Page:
Rolling through quaint touristy towns like Kennebunkport, Maine, the suspension provides a firm ride, the back side in particular thanks to dual shocks on the swingarm and dual springs under the seat. We wouldn’t mind a bit more
The Unit Construction Engine of the 2012 Royal Enfield Classic Chrome puts out a claimed 27.2 bhp @ 5200 rpm  41.3 Nm @ 4000 rpm.
The Unit Construction Engine of the 2012 Royal Enfield Classic Chrome puts out a claimed 27.2 bhp @ 5200 rpm  41.3 Nm @ 4000 rpm.
damping on the front fork which took hits hard at times even with 5.1 inches of travel. When it came time to stop, we relied on the solid, grippy two-piston caliper of the 280mm disc of the front brakes because the rear drum is mush and you really have to push down hard on the pedal to get it to bite. And while you can achieve decent lean angles on the bike, the arm of the rear brake pedal runs below the foot peg and grinds on sharp right hand turns.

The little Single of the 2012 Classic Chrome has just enough snap to put a smile on your face. This is facilitated by throttle response from the electronic fuel injection that is crisp, the EFI adept at controlling air-fuel ratios at vacillating speeds more so than its Mikuni carbureted predecessor. Granted, its engine was a bit noisy at first because it only had 30 miles on it when we picked it up from National Powersports Distriubutors and its internals had barely had enough time to be bathed in oil. The engine noise subsided the more we rode it as the crankshaft and gears got broken in. Heat coming off the little Single was nominal thanks to improved oiling and cooling of the alloy cylinder brought about by its conversion to a UCE. The change from the prior cast-iron version also included the addition of a stronger crankshaft and connecting rod.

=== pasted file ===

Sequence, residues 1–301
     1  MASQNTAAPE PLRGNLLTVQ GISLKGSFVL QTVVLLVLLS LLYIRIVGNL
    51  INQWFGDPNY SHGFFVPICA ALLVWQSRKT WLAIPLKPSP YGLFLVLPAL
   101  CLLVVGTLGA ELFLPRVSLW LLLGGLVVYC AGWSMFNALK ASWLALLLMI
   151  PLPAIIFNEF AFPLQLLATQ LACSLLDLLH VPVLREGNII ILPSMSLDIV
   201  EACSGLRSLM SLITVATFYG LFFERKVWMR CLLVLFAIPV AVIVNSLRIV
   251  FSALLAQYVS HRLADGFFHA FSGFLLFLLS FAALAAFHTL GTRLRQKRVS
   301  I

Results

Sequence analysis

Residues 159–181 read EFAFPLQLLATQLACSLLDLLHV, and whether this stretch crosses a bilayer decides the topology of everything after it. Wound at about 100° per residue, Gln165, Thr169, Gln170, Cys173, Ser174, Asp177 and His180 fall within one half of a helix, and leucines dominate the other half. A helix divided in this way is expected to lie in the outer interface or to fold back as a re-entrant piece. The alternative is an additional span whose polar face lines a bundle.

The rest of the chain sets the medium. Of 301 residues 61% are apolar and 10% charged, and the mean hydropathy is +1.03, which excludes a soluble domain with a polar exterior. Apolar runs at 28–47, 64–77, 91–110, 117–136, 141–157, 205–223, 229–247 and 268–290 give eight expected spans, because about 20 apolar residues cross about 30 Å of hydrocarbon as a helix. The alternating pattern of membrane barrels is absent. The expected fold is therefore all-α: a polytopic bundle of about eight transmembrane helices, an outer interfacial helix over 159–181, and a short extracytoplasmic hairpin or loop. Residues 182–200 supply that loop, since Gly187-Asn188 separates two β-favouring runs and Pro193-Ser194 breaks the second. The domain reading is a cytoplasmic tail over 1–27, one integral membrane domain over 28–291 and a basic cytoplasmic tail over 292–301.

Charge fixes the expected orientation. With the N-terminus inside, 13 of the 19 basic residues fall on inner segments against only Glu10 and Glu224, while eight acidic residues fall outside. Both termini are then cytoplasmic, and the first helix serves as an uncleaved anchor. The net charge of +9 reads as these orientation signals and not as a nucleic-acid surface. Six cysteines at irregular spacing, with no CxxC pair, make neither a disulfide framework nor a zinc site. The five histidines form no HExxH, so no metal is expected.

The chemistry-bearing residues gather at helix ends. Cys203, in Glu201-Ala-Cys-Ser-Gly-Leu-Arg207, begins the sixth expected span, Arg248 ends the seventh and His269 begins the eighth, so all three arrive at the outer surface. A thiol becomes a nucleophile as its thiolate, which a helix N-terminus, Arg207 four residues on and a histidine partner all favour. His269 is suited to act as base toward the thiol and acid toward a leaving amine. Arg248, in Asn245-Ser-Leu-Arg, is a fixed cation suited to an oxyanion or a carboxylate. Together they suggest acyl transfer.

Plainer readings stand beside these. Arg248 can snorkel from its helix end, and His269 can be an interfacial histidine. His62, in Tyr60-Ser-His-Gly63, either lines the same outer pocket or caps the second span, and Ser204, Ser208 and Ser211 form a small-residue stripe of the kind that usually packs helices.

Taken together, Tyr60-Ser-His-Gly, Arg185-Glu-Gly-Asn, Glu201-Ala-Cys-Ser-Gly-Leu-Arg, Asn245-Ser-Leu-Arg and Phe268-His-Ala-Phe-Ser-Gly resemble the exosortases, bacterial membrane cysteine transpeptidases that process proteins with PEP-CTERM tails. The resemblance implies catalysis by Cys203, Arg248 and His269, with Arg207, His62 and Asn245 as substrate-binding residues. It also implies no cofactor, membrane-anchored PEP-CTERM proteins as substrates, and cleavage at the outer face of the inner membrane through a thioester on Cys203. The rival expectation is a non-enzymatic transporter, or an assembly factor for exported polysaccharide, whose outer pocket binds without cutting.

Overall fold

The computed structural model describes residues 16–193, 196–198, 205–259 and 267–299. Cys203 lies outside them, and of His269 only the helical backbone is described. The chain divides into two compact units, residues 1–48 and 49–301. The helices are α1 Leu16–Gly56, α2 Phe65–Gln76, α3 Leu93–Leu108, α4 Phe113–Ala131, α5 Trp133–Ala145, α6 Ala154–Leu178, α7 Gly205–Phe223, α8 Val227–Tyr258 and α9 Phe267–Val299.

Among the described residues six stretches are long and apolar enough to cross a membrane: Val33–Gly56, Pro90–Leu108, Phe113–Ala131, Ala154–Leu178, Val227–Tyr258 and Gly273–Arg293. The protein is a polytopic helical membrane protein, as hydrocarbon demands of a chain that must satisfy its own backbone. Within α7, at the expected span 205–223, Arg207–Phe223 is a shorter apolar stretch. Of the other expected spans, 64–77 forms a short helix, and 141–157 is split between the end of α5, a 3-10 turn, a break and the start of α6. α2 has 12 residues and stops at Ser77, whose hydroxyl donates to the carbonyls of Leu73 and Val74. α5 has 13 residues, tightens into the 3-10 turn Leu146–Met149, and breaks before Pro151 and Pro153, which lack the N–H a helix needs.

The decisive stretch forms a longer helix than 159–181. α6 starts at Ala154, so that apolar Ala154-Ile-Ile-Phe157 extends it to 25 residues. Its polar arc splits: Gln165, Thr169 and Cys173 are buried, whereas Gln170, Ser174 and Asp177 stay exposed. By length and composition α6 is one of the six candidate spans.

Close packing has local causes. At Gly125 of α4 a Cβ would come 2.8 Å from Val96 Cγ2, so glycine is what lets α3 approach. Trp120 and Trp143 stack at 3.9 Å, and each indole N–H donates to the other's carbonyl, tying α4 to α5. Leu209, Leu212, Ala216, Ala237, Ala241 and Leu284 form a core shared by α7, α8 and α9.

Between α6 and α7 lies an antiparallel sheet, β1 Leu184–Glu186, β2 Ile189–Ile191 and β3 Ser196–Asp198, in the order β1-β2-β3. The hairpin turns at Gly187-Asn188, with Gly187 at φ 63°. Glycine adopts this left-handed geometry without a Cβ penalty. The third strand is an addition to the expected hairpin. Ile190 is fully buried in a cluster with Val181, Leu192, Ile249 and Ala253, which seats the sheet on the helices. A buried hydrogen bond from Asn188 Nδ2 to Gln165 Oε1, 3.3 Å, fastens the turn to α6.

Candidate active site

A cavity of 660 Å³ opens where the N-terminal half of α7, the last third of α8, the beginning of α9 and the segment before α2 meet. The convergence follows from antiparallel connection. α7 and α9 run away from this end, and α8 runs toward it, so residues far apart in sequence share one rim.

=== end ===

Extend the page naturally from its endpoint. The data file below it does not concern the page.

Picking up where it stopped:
For the most part, the fit and finish of the 2012 Royal Enfield Classic Chrome is exemplary when you try to think of other bikes that sell for less than $7K and come with hand-painted pinstripes and accents. The factory-installed chrome toolbox tucked neatly away on the bike’s right side is a bonus in our book. Spoked wheels, a stalwart Single rising vertically in the single downtubed frame, and a sprung solo seat keep the styling of the Classic Chrome clean and tidy. A kick pedal, which turned the bike over on the first try, adds to the sense of nostalgia. It also comes with a two-year,
The Royal Enfield Classic Chrome transitions easily and tracks through turns predictably.
The Royal Enfield Classic Chrome transitions easily and tracks through turns predictably.
unlimited mileage manufacturer warranty. But we did find a few design choices that were a little suspect, like the horn mounted haphazardly outside of the protection of the downtube. There’s no fuel gauge and the only indication that it’s time to top off the tank is a small “low fuel” light that begins to flash. All the indicator lights (neutral, turn signals, hi-beams) are located in the speedo and difficult to see. We also frequently fell victim to the lack of self-cancelling turn signals.